Fares, Bagher, Parsa, and Taslimi also employ established genre conventions and narrative patterns.10 The appearance of their debut feature
films within a very short time frame nevertheless caused critics and
audiences to examine them collectively and take note of subject matter
and themes they had in common. Just as several films from the early
1990s that explore Jewish subject matter are the product of a particular
generation examining its roots, these more recent films represent the
coming-of-age of another group. Fares, born in Lebanon, and Bagher
and Parsa, native to Iran, came to Sweden as children or teenagers
in response to the volatile political situation in their homelands. All
received formal training in film at Scandinavian institutions and gained
experience making shorts before writing and directing full-length features. Taslimi, who immigrated as an adult, first established herself as
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an actor (she had a role in Parsa’s short, Gränsen/The Limit, 1995) and
then turned to directing. Summarising this movement into the cultural
mainstream, critic Helena Lindblad comments: ‘The generation of
storytellers from immigrant backgrounds that the literary world had
long yearned for ended up making films instead.’11
Most important, however, is that the films themselves present immigrants as a self-evident part of Swedish society. Fares, Bagher, Parsa,
and Taslimi hope to counteract stereotypes, not by moralising or by
casting members of minority groups as victims but by portraying the
Swedish reality they themselves know, where immigrants are individuals
rather than merely representatives of particular subcultures. All of them,
furthermore, forcefully resist being ghettoised as immigrant directors.
Their goal is simply to make good films, defined by Parsa as ‘artistically
significant, personal films that also can entertain and move the general
public.’12 This attempt to bridge the gap between art film and popular
entertainment suggests the true scope of their efforts.
This article is an abridgement of Rochelle Wright (2005), ‘’Immigrant Film’
in Sweden at the Millennium’ in Andrew Nestingen and Trevor G. Elkington,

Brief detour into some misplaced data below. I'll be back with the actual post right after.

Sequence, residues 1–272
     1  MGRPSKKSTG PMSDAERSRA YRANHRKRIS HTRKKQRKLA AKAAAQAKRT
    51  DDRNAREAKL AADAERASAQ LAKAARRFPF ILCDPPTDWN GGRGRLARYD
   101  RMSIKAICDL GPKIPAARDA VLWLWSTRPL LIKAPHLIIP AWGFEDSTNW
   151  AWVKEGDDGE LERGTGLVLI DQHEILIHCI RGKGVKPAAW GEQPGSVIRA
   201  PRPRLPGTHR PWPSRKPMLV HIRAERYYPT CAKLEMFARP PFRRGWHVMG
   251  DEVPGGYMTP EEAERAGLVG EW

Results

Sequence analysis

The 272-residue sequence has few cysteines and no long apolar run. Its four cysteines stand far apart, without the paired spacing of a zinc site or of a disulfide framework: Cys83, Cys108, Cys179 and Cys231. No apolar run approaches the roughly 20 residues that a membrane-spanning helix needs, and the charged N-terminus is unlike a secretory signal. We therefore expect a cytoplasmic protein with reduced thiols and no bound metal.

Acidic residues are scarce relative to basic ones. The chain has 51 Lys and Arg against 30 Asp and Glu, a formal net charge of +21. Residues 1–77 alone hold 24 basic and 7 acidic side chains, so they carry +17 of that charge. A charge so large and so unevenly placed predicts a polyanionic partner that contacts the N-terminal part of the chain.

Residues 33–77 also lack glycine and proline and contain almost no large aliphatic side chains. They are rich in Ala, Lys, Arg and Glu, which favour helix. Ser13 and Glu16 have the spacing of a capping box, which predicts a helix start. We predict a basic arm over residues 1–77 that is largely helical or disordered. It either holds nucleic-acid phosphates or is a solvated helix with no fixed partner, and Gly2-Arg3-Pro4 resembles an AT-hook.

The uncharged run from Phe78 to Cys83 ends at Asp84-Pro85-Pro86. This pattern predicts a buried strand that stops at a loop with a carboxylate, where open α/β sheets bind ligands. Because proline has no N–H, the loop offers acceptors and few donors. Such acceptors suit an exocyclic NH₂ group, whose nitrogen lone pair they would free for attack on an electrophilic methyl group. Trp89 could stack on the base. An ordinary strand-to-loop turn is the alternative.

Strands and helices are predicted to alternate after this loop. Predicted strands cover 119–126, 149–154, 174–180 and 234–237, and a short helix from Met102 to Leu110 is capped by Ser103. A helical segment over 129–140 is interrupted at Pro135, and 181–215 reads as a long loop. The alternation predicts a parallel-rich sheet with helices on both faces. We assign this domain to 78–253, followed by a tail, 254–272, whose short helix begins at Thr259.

eds., Transnational Cinema in a Global North: Nordic Cinema in Transition,
Detroit: Wayne State University Press. Reprinted by permission.
Notes
1 The title Jalla! Jalla! is a salutation or exhortation to get a move on.
2 For more detail on films that premiered between 1930 and 1995, see Rochelle
Wright (1998), The Visible Wall: Jews and Other Ethnic Outsiders in Swedish Film.
Carbondale: Southern Illinois University Press; Uppsala: Centre for Multiethnic
Research.
3 Though they did not, in actuality, share a clearly defined ethnic heritage, tattare
were widely regarded as descended from gypsies and were often assigned traits
associated with that group.
4 Svartskalle is a widely used epithet for (dark-haired) immigrants or those of immigrant heritage.
5 The film’s title is the nickname of the area where the story is set.
6 Though Roro’s father – played by Jan Fares, the real-life father of the director
and lead actor – appears unassimilated, the film demonstrates repeatedly that he
uses this pose to his own advantage. Feigning gullibility and lack of technological
sophistication, the father sits back and watches while a Swedish vacuum cleaner
salesman cleans the entire apartment.
7 First cousins are not considered appropriate candidates for marriage by most present-
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day Swedes. Abbas’ preference for a close family member not only illustrates differing
cultural norms, it also underscores the sense of security he finds only within his
immediate circle.
8 Viewer statistics compiled by Svenska Filminstitutet.
9 Stig Björkman (2002), ‘“Jag ser allt”: Ingmar Bergman i samtal med Stig Björkman’, in Stig Björkman, Helena Lindblad, and Fredrik Sahlin, eds., Fucking film
Stockholm: Alfabeta, pp. 137–44, p. 139.
10 See in particular Maaret Koskinen (2002), ‘Konsten att förena gammalt och nytt: